The year was 1986. I’ll never forget it.
Many things happened that year but two have influenced my life forever. The was the death of my mother. And the second was that LIHTC became law.
At the time, these two events had absolutely no connection. I didn’t even know what the LIHTC was back in 1986. But unbeknownst to me in the mid-80s, the program would inadvertently play a major role in my life.
My mother’s death market yet another period of instability in my life by putting my housing situation in jeopardy. I never lived in a tax credit subsidized unit, but my situational housing issues helped me understand just how critical housing stability is. Housing instability impacts life beyond finances. Worrying about it can consume you and leave little room to think beyond where you’re going to sleep that night.
That experience began my interest and passion in urban planning and community development. Along that path I somehow ended up at MIT. And a major part of my education was working at The Community Builders. That’s where I learned about the pivotal role the LIHTC played in providing neighborhood and family stability. I was incredibly fortunate to learn the trade in the presence of geniuses who were living examples of how to apply talent and passion to creating good for everyone. People like Willie Jones, Judy Weber and Swan Oey become my heroes and taught me so much about this great work we all do.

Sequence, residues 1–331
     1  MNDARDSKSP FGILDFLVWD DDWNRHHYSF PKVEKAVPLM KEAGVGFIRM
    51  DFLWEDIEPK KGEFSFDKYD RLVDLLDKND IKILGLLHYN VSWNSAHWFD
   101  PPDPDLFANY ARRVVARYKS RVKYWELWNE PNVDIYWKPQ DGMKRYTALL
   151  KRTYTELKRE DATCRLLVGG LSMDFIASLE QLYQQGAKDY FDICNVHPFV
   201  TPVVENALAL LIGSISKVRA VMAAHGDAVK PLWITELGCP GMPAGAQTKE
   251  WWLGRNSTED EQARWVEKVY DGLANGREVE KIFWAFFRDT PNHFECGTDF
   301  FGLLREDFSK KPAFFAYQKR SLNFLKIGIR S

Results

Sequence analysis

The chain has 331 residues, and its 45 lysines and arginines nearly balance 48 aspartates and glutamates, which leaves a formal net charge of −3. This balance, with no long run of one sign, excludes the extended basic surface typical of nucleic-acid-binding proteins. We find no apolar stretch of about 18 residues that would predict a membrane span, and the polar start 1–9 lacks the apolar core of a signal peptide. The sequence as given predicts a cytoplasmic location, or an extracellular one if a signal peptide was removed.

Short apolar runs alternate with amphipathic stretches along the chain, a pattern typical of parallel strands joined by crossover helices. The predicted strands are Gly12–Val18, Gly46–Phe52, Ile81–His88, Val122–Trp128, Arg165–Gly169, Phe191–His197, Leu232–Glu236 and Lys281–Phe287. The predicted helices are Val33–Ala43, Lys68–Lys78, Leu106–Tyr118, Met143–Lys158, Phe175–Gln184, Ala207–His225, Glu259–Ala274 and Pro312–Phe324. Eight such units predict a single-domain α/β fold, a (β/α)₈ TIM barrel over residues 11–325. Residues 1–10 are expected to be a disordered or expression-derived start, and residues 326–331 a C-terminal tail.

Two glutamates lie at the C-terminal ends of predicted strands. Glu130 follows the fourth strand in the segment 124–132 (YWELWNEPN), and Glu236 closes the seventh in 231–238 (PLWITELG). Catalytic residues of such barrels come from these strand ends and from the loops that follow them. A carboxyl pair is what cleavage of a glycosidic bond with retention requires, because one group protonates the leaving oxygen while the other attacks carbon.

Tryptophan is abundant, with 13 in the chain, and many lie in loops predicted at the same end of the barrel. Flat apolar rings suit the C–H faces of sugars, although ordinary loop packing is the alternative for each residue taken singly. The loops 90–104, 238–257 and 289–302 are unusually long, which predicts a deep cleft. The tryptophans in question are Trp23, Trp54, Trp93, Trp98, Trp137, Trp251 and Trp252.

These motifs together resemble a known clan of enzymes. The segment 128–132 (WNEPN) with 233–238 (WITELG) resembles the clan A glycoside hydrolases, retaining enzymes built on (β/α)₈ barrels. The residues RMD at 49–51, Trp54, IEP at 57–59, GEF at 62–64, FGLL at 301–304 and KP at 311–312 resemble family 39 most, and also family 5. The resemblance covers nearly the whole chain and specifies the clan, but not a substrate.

The I got the honor of learning firsthand the impact of the LIHTC working at Urban Edge with Mossik Hacobian. Working at the community level, I was inspired and humbled by families in properties that were supported by the LIHTC. These folks worked, raised families and made their neighborhoods better places. This experience is what taught me the power and true purpose of the LIHTC.
And then the Governor blew me away by asking to help him create and implement an agenda based on the work I had spent the past 20 years doing. What a privilege it is to run the program in my current role as Undersecretary of DHCD, and to have joined a small but impactful group of agency leaders from Amy Anthony to Aaron Gornstein. And to do it alongside one of the nation’s most uncompromising stewards of the program, Kate Racer.
The LIHTC program has not only provided stability to millions of Americans across our country, but it has created a community. And in Massachusetts, this community is small but mighty as is evidenced today. Let’s never forget the folks we are here to serve but let’s not overlook the value in serving together.
On behalf of the Baker Polito Administration, we thank you for all you do and for continuing to allow us to be part of this beloved community.